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Why a jury might have rejected self defence in Fraser murder trial

Police were called to a homicide investigation at the Kamloops RV Park on Dallas Drive on Feb. 11, 2017.
Image Credit: FILE PHOTO
December 17, 2018 - 4:30 PM

KAMLOOPS - As far as anyone knew, Cody Foster and Stephen Fraser were buddies.

Despite their age difference — Foster, 26, Fraser now 58 years old — they worked together, hung out together and drank together.

Fraser says he might have complained to others about loaning Foster money throughout their friendship, but for the most part, it was nothing serious.

That’s why Crown prosecutors had to admit to a jury this week, they had no idea why Fraser beat Foster and stabbed him to death — they only knew that he did.

Foster and Fraser were the only ones in Foster’s camper at the Kamloops RV Park one night last February and when Fraser walked out, only he could explain the violence that occurred inside.

He said it was self defence and 12 jurors took roughly eight hours to reject that defence last week. That’s likely because, as prosecutors pointed out, his story had too many holes.

There’s no question Fraser killed Foster, he doesn’t dispute that.

Foster suffered from at least 32 injuries, including a stab wound to his carotid artery, a major blood vessel in the neck. Perhaps more telling, though, Crown prosecutors pointed to the lack of injuries and defensive wounds found on Fraser, further showing this was more of a one-sided fight than the lengthy battle Fraser described to his jury.

Fraser’s self defence claim boiled down to what he said was a threat that Foster made that February 11, 2017 afternoon and Fraser’s belief that Foster could carry out that threat.

Fraser and Foster met each other working at Adwood Manufacturing in Kamloops. The two worked together and had been friends for just over a year before the incident.

A former supervisor to Fraser and Foster says they were “both good workers” and even described Fraser as a “quiet and calm” man. Foster's two older sisters say their little brother was a "light in this world" and he that he loved and cared about everyone and everything.

"He was the most unselfish person you ever met," Dana said through tears shortly after hearing Fraser's guilty verdict.

But that’s not what Fraser said. He asked jurors to accept that Foster might have gang connections — or at least said he did. He testified that Foster once offered to put Fraser’s brother in the hospital for $500.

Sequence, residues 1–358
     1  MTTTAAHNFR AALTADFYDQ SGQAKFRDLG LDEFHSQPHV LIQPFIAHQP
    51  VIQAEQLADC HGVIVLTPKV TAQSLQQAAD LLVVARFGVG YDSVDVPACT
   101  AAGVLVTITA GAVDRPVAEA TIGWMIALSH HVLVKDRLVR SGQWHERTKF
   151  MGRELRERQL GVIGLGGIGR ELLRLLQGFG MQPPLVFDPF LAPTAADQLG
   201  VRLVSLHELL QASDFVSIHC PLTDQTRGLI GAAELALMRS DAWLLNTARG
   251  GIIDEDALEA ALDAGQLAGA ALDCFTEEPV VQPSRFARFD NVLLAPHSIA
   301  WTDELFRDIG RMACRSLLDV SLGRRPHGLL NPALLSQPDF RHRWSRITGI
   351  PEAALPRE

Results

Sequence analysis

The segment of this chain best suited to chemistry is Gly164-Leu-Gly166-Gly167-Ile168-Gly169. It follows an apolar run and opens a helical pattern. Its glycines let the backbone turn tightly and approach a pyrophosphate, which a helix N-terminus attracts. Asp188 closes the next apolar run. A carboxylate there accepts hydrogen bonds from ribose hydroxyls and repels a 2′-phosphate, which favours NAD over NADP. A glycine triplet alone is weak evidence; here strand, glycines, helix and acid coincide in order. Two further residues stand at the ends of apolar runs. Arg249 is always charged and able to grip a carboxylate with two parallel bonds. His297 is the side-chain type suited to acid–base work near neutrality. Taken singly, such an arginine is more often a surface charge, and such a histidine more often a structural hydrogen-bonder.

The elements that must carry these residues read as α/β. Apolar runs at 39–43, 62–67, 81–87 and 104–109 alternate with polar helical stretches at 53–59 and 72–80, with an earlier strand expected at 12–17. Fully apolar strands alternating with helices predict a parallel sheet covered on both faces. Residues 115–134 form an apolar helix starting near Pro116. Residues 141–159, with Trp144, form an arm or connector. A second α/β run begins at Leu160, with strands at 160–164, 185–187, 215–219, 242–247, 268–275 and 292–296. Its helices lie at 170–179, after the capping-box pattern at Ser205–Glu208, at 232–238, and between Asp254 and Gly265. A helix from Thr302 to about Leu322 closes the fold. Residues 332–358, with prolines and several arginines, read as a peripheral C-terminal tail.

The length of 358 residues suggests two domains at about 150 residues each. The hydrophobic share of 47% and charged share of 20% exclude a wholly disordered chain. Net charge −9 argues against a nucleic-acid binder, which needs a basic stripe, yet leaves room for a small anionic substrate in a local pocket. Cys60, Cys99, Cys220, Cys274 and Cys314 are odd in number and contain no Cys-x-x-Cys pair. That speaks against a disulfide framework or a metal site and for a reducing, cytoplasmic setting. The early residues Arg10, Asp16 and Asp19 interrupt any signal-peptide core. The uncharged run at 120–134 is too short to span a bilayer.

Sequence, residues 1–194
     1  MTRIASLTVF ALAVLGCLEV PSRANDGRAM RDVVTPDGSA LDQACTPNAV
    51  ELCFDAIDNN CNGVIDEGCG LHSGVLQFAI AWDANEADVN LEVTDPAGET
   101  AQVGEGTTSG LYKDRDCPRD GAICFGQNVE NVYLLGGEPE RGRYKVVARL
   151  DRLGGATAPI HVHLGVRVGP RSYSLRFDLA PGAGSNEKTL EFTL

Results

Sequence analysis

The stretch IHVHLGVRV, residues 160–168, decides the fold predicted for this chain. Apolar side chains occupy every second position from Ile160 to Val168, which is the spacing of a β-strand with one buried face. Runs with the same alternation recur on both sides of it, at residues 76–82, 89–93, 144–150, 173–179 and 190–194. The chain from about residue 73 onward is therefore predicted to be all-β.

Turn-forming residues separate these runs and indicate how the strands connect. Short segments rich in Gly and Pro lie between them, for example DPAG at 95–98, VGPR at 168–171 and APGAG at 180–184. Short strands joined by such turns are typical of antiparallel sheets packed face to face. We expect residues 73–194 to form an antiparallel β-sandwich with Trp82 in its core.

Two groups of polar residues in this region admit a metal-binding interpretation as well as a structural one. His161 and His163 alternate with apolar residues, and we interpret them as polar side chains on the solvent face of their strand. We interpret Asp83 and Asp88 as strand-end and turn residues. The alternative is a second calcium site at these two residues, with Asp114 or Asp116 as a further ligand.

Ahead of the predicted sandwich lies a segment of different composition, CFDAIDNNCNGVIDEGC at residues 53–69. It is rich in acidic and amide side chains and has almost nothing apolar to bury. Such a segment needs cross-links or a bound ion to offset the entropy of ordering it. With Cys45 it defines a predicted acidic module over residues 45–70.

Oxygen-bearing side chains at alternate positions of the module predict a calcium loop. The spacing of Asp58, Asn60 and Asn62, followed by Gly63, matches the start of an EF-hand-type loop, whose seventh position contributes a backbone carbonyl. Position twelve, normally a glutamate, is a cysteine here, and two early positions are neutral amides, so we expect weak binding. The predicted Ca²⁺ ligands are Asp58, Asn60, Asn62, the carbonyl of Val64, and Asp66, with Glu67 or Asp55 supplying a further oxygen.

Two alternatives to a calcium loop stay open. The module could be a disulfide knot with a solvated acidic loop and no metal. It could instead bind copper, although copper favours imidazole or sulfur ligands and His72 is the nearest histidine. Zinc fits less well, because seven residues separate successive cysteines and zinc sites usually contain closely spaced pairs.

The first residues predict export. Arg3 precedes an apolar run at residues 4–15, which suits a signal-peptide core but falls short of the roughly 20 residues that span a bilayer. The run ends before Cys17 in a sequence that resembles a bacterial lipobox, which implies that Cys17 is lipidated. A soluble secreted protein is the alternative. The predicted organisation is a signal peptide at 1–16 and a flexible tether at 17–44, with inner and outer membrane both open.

"He knew my brother wasn't my favourite person," Fraser said, explaining that his brother once assaulted him.

So while they were friends, Fraser made it clear he believed Foster was capable of doing harm. When they were hanging out and drinking in Foster’s camper, he said Foster randomly threatened him by saying “just so you know, I really don’t want to kill you… I got no choice.”

Fraser says he stopped what he was doing.

“He started hugging me which was very odd,” Fraser said while beginning to cry. “He kept talking, he said, ‘don’t feel bad, brother-from-another-mother, it’s not personal, it’s just business.’”

Fraser said his mind went into "bear-encounter mode" and while hugging, he grabbed a knife from Foster’s dish rack and pushed the knife into Foster’s neck, breaking it at the same time. He said no matter what he did to Foster, Foster kept coming at him.

But there was no evidence that Foster attacked first. Fraser’s own evidence suggests he did little more than speak, if he even made the threats. While Fraser described a battle, prosecutors say there’s no way Foster had the upper hand in the fight considering his level of intoxication and the number of injuries Foster suffered.

Janse reminded Fraser of a statement he provided to police describing the altercation as ‘boom, boom, done.’

By the time Fraser emerged, Foster was covered with wounds; Fraser had next to none.

Toxicology showed Foster’s blood-alcohol level that night was nearly four times the legal limit for driving. Fraser’s blood alcohol level was never tested, though evidence suggested they were drinking together that night.

Pressed for a theory or explanation of why the two fought that night, the Crown kept coming back to money Fraser loaned Foster.

Crown prosecutor Alex Janse asked Fraser if it was common for Foster to borrow money off of him and if he ever referred to Foster as “his little charity case” or “his little welfare case”.

"I may have used that expression," Fraser said.

The day Fraser killed him, borrowed money was a key part of the day because Foster showed up unexpectedly, needed money for bills and Fraser borrowed the money from his own dad, something he admits he felt shame doing as a grown man.

We'll never know exactly why a jury rejected his claim of self defence, but they found him guilty of second degree murder. A hearing to fix a date for Fraser's sentencing will take place in January.

To contact a reporter for this story, email Karen Edwards or call (250) 819-3723 or email the editor. You can also submit photos, videos or news tips to the newsroom and be entered to win a monthly prize draw.

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